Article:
Entomology, Department of


Date of this Version



International Journal of Pest Management 58:1 (January–March 2012), pp. 83–90

doi: 10.1080/09670874.2012.655702


Copyright © 2012 Taylor & Francis. Used by permission.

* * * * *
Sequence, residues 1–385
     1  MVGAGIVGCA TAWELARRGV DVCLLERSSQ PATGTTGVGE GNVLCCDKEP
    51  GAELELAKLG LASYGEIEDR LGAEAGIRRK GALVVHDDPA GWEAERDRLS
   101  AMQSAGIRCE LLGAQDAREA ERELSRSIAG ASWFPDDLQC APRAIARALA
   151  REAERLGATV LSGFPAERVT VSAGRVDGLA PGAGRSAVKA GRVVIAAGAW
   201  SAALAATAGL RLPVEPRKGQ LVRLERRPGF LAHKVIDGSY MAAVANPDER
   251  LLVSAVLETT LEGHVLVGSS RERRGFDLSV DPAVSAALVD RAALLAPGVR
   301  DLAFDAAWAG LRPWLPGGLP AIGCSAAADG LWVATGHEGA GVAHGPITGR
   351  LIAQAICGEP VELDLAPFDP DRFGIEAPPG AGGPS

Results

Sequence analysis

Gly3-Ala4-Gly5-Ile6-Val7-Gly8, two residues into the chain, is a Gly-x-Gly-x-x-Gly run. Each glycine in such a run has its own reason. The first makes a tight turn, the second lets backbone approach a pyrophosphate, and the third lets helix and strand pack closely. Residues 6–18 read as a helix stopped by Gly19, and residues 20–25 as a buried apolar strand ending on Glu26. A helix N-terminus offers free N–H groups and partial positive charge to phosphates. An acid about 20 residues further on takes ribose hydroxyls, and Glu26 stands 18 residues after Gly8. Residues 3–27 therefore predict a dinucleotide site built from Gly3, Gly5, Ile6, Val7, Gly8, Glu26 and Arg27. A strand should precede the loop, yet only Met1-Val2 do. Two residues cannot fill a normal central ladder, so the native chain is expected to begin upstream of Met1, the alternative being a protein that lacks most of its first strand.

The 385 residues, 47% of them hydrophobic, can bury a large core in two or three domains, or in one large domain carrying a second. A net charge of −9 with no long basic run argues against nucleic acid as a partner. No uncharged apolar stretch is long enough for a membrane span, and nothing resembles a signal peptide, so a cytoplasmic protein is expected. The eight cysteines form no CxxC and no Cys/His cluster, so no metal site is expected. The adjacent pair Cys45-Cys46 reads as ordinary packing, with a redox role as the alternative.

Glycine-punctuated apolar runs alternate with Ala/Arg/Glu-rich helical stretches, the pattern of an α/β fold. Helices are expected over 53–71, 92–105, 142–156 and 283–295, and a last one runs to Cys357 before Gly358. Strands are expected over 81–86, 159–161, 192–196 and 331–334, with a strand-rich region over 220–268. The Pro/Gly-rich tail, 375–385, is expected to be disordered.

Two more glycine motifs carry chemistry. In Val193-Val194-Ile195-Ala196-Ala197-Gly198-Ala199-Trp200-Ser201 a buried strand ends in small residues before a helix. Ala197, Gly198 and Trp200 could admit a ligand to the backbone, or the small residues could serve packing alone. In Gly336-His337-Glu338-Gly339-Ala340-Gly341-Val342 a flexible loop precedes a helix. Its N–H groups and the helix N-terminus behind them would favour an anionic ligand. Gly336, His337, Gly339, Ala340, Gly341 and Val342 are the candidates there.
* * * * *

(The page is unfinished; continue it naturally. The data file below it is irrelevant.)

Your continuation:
The fall armyworm, Spodoptera frugiperda (Smith) (Lepidoptera: Noctuidae), is a major pest of maize and frequently demands control measures. The timing of insecticide application is a key factor in determining its efficiency, so an experiment was designed to investigate this. Application of insecticide was based on three criteria: (i) the number of trap-caught moths in a Delta-type trap with a commercial sex pheromone lure placed in the center of the target area, soon after plant emergence; (ii) the percentage of plants exhibiting pinhole-type damage (10% or 20%), and (iii) the percentage of plants exhibiting shot hole–type damage (10% or 20%) compared to a check plot without any control measures. We found that the number of trap-caught moths was, compared to the other methods, the best means of deciding on insecticide application in maize to control the fall armyworm. Using pheromone traps, we obtained the best performance of the insecticide Spinosad, causing >90% larval mortality. Without insecticide application, maize yield reduction due to fall armyworm larva damage was 39%.